How to Handle Commercial Landlord-Tenant Disputes

AdobeStock_413139303-300x200Residential tenants have many more protections than commercial tenants because residential tenants have less bargaining power, or so the law presumes. It is, therefore, much easier to evict a commercial tenant than a residential one. After all, the employees will still have a home to go to post-eviction.  Under California law, the power shifts to the landlord in these agreements. Nonetheless, disputes tend to harm both parties, and resolving them tends to be a matter of coming up with a better agreement. Still, it’s important to understand your rights as both a tenant and a landlord when it comes to commercial leases. In this article, our San Jose real estate attorney will discuss how to manage commercial landlord-tenant disputes.


There is no guarantee of habitability; a commercial tenant has limited options when it comes to leveraging a landlord to make repairs. Rent cannot be withheld, even in escrow, and there is no guarantee that repairs will be made unless it is in the lease. The covenant to pay rent supersedes all other considerations when it comes to commercial tenancies. A commercial landlord may send an eviction notice for a lease violation or the failure to pay and the commercial tenant will only have three days to respond. Clauses in the lease may prevent you from suing or prevent you from asserting rights as an evictee. Again, the language will be contained in the lease, so it must be read carefully.

Read and review the lease

Your business can be driven into bankruptcy just because you rented from the wrong landlord. While the landlord’s rights are superior to the tenants in commercial leases, the landlord’s motives are predictable. They want to earn income from their real estate. If you succeed in your location, then so should they. Unfortunately, it doesn’t always work out that way, and the law favors landlords.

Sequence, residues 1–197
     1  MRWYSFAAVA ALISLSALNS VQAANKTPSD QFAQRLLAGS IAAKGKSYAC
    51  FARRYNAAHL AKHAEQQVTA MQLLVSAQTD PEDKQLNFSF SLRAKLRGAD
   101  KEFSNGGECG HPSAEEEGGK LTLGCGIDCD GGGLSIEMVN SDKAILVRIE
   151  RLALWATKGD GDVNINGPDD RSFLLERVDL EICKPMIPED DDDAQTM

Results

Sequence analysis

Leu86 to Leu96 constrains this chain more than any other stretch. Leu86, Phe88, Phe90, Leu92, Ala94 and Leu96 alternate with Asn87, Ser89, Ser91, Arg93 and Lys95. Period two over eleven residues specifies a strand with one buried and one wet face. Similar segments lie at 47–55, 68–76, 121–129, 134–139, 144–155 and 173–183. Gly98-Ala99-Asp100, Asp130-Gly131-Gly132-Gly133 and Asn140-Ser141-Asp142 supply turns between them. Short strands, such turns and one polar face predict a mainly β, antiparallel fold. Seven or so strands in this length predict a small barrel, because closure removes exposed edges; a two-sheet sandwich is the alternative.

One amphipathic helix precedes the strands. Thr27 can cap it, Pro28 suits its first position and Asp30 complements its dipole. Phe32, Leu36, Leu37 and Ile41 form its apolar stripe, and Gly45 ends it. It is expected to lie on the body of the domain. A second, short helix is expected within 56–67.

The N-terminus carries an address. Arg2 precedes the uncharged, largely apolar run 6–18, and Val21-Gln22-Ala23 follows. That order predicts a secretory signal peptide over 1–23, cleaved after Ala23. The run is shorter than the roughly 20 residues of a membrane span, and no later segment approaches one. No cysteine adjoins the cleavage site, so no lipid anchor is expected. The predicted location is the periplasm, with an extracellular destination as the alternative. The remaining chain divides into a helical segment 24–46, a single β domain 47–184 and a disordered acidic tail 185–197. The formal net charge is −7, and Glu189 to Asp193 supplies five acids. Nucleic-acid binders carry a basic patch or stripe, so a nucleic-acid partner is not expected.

To avoid the pitfalls of broken lease agreements, it helps to have a San Jose real estate lawyer  review the lease provisions. Your real estate lawyer should understand your business, the market you are entering, and the changes you will need to make to the rental property in order to start operations.

Before you sign anything, you will want someone who is an advocate for your business’s interests to ensure that the  premises will meet your individual needs. Landlords can sometimes hustle tenants into signing boilerplate leases that completely eliminate any of their rights as tenants to remedy a situation once it turns into a dispute. Avoiding disputes means understanding your needs prior to signing on the dotted line. Once the lease is signed, the landlord has much more leverage than the tenant in any disputes that emerge.

Real Estate Lawyer San Jose

Structure Law Group, LLP helps landlords and tenants negotiate favorable lease agreements that meet the needs of their companies. Call our San Jose real estate lawyer today and we can begin discussing your interests immediately or contact us online.